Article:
Also, if you’re not happy with the care you’re receiving or you’re not connecting with your provider, seek a second opinion.
You’re processing a lot of information and dealing with many emotions.
You may feel overwhelmed and unsure of what questions to ask your oncologist, nurse or other providers. We have a list of questions to ask your health care providers about your diagnosis and treatment.
It may also be helpful to download and print our Questions to Ask Your Doctor card on metastatic breast cancer. You can take it with you to your next doctor appointment. There’s plenty of space to write down answers to the questions, which you can refer to later.
You can also download other Questions to Ask Your Doctor cards on many different breast cancer topics, such as our Questions to Ask Your Doctor card on clinical trials. These cards are a nice tool for people beginning to gather information about their diagnosis and treatment.
Many new treatments for metastatic breast cancer are under study in clinical trials. Most of these are drug therapies.
Clinical trials offer the chance to try new treatments and possibly benefit from them. If you haven’t started treatment yet, now is a good time to talk with your oncologist about clinical trials. There may be a clinical trial that would be a good option as a first treatment for you.
If you’ve already started treatment, talk with your oncologist about clinical trials that may offer treatment options later.
Learn about clinical trials for people with metastatic breast cancer and access Metastatic Trial Search, a web-based personalized clinical trial matching tool.
Susan G. Komen® Breast Cancer Clinical Trial Information Helpline
If you or a loved one needs information or resources about clinical trials, call our Clinical Trial Information Helpline at 1-877 GO KOMEN (1-877- 465- 6636) or email email@example.com.
The helpline offers breast cancer clinical trial education and support, such as:
Treatments for metastatic breast cancer and the cancer itself can cause side effects.
Your health care providers can help control pain or other side effects. So, it’s important to tell them about any side effects you have.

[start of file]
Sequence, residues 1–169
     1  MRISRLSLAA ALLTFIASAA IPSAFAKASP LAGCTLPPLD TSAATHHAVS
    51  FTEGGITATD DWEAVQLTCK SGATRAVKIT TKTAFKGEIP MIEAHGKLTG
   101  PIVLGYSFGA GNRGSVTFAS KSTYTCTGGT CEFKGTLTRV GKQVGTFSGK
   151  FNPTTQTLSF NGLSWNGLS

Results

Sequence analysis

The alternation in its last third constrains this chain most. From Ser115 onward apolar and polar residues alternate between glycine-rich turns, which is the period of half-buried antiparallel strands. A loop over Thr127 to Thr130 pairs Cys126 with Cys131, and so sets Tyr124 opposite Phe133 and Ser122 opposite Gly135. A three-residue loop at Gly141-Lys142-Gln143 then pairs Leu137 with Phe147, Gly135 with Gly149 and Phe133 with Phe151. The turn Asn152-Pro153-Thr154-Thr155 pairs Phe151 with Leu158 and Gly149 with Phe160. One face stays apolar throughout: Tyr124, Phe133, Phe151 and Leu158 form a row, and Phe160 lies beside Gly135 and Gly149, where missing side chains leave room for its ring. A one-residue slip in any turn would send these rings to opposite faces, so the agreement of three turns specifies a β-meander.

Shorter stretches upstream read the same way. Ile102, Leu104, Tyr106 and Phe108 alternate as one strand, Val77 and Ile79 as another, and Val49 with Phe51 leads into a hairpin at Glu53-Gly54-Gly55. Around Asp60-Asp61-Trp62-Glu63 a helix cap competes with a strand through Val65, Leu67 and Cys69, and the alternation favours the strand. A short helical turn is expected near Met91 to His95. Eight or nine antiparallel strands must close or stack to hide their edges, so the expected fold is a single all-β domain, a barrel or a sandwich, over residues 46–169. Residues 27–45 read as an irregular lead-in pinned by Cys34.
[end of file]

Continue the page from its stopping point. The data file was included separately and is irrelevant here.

Learn how pain is managed.
Learn how other side effects are managed.
Learn about quality of life issues.
It’s also important to let your providers know how you are feeling emotionally.
It’s common to be depressed. Depression can (and needs to) be treated.
Learn more about depression.
Learn about coping with stress.
It’s natural to worry about end-of-life issues. We have some information that may help.
Learn about end-of-life care and hospice.
Many women and men have been where you are today. In fact, it’s estimated that more than 154,000 people in the U.S. have metastatic breast cancer .
It may be helpful to talk with others. A cancer support group may help. Your health care provider may be able to help you find a local support group.
Your health care provider may also be able to help you find a counselor, if meeting in a one-on-one setting is better for you.
Learn more about support groups, counseling and other types of support for people with metastatic breast cancer.
Learn about social support for loved ones.
SUSAN G. KOMEN® SUPPORT RESOURCES
Learn more about what Komen is doing to help people with metastatic breast cancer.
Metastatic Breast Cancer
Research Fast Facts
Facts for Life: Metastatic Breast Cancer
Breast Cancer Clinical Trial Information Helpline
Metastatic Breast Cancer Progress
What would you tell someone about living with stage IV breast cancer?